Weekly Review — August 30, 2016, 5:32 pm

Weekly Review

An earthquake kills 290 people in Italy, Egypt’s police use Grindr, and a dog is elected mayor of a town in Minnesota for the second time.

HarpersWeb-WeeklyReview-RP-LargeAt least 290 people were killed and hundreds more were injured when a 6.2-magnitude earthquake destroyed four medieval hill towns in central Italy, including the town of Amatrice, which was preparing for its 50th annual spaghetti festival.[1] Rescue crews and firefighters searched for survivors in the rubble, and Italian restaurants in New York City pledged to donate the proceeds from sales of pasta all’amatriciana. “The future,” said one resident of Amatrice, “is finished.”[2] The Turkish military sent warplanes and tanks across the border into Syria, in a campaign dubbed Operation Euphrates Shield, to target Islamic State and Kurdish fighters, and thousands of Syrian rebels and civilians were forced to evacuate the Damascus suburb of Daraya, which had been under siege by government forces for four years.[3][4] Anti-immigration activists in Prague caused panic among tourists when they entered the Old Town Square leading a camel and a goat, carrying fake submachine guns, and shouting “Allahu akbar!”[5] WikiLeaks was criticized for outing gay Saudi Arabians by releasing a large trove of Saudi government data, Egyptian police used the gay dating app Grindr to entrap members of the country’s LGBT community, and Pyongyang launched a Netflix-like service called Manbang.[6][7][8] An Indian minister recommended that foreign women not wear skirts when visiting the country.[9] Former French president Nicolas Sarkozy called for a nationwide ban on burkinis, and France’s highest administrative court suspended the town of Villeneuve-Loubet’s ban on the swimwear after photos circulated of police standing over a woman on a beach while she removed her clothing.[10][11]

Astrophysicists announced the discovery of Proxima b, an Earth-sized exoplanet 4.3 light-years away. “We could finally have something like a real conversation,” said one researcher, “with an alien.”[12] The pharmaceutical company Mylan faced backlash on social media after raising the price of a double pack of EpiPens, an injection device that treats severe allergic reactions, from less than $100 in 2007 to more than $600 this year.[13] Scientists at UCLA woke a 25-year-old man from a coma by using ultrasound technology to stimulate neurons in his thalamus.[14] The Food and Drug Administration ordered blood banks in the United States to begin screening for the Zika virus, and Singapore released thousands of Aedes aegypti mosquitoes carrying Wolbachia bacteria to combat dengue. “The biggest drawback,” said one infectious-disease expert, “is we don’t really know what’s going to happen.”[15][16] It was reported that the Summer Olympics in Rio de Janeiro were the lowest-rated and least-watched Olympics since 2000.[17] Russia seized the assets of Grigory Rodchenkov, the former Russian athlete who exposed the country’s national doping scheme, and a flight carrying members of the Russian Olympic team was delayed by four and a half hours after the delegation’s giant matryoshka doll became stuck in an airport terminal gate.[18][19] A U.S. court ruled that the grocery chain Trader Joe’s could proceed with its lawsuit against a Canadian store called Pirate Joe’s, which resold its merchandise, and Citigroup and AT&T agreed to end a legal dispute about who had the right to use the phrase “THANKYOU” when corresponding with customers.[20][21] The National Labor Relations Board voted to allow graduate students at private universities to unionize, the University of Chicago sent a letter notifying students that the school does not support safe spaces, and it was reported that SUNY Binghamton had offered its residential advisers a course called “Stop White People.”[22][23][24] Mexican president Enrique Peña Nieto was found to have plagiarized his undergraduate thesis.[25]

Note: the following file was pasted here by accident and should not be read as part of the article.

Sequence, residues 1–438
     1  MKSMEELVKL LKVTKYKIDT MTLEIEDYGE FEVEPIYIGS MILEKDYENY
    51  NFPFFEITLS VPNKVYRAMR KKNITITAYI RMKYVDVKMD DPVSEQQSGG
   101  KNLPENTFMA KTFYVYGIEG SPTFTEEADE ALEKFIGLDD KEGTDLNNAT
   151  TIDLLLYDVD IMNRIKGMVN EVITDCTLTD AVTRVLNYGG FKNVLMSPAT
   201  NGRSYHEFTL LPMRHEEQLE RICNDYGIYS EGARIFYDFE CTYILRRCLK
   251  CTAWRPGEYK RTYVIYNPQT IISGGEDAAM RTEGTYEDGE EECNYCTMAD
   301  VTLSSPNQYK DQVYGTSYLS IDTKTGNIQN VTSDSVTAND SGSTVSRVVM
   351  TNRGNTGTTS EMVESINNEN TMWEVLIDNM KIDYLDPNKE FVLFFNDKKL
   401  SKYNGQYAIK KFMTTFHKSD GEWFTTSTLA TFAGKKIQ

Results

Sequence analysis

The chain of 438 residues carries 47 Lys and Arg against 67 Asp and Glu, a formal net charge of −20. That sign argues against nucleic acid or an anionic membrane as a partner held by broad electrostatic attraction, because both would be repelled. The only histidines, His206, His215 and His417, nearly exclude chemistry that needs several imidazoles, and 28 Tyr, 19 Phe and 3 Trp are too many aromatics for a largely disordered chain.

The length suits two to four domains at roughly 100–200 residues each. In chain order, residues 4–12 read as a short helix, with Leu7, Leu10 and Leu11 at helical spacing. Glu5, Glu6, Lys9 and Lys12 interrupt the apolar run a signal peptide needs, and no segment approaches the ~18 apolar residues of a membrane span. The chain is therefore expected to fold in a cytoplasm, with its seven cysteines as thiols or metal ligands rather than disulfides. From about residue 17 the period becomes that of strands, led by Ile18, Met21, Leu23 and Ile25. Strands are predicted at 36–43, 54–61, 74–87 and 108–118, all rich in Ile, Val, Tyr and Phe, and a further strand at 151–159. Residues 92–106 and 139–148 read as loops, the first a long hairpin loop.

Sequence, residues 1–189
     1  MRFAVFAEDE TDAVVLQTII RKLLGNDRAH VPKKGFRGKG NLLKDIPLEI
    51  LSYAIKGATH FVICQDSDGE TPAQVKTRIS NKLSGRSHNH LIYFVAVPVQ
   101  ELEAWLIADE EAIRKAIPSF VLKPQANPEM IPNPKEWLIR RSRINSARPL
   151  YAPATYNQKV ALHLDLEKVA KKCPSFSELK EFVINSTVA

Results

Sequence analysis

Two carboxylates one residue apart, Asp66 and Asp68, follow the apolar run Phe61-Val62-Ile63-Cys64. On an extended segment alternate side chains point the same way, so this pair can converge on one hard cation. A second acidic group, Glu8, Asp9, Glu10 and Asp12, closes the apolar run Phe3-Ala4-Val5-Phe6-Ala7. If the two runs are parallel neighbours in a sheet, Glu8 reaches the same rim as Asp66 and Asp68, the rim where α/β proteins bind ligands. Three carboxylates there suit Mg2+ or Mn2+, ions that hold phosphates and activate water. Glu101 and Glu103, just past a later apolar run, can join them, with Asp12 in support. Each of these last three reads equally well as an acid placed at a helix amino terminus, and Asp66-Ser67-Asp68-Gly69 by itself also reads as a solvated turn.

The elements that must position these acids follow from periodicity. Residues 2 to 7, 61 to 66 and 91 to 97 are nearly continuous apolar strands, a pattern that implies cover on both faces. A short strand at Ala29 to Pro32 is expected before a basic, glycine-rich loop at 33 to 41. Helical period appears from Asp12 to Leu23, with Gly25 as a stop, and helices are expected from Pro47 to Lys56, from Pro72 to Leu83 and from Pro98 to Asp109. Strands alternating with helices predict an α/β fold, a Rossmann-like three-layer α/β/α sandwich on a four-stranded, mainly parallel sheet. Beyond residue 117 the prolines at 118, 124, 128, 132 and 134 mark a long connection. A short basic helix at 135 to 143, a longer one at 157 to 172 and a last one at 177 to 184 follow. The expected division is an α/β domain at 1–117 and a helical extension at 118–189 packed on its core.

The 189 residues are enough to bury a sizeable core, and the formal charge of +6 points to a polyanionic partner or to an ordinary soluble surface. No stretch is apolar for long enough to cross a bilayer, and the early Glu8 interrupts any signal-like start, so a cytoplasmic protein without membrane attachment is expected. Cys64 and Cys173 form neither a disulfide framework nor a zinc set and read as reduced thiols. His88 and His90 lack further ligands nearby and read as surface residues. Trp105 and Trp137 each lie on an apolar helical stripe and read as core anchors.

In New Jersey, a newspaper published two obituaries of the same man, one by his wife and one by a woman claiming to be his girlfriend.[26] A minor-league baseball player hit a grand slam, smashing the windshield of his own truck, which was parked outside the stadium. KFC released an “Extra Crispy” sunscreen that smells like fried chicken, and Colonel Sanders’s nephew may have accidentally leaked the company’s secret spice blend to a reporter.[27][28] A family in Turkey got food poisoning at a dinner they organized to celebrate their recovery from food poisoning.[29] A study found that ramen noodles have replaced cigarettes as the most popular form of currency in U.S. prisons. [30] A Domino’s in New Zealand completed the world’s first pizza delivery by drone, and the U.S. Department of Agriculture bought 11 million pounds of cheese to support American dairy farmers.[31][32] A dog named Duke was elected mayor of a town in Minnesota for the third time, and a Canadian animal-rights activist appeared in court to defend her practice of giving water to pigs on their way to slaughter. “Nutritionally,” said her lawyer, “it’s the moral high ground.”[33][34]

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Addressing the graduating cadets at West Point in May 1942, General George C. Marshall, then the Army chief of staff, reduced the nation’s purpose in the global war it had recently joined to a single emphatic sentence. “We are determined,” he remarked, “that before the sun sets on this terrible struggle, our flag will be recognized throughout the world as a symbol of freedom on the one hand and of overwhelming force on the other.”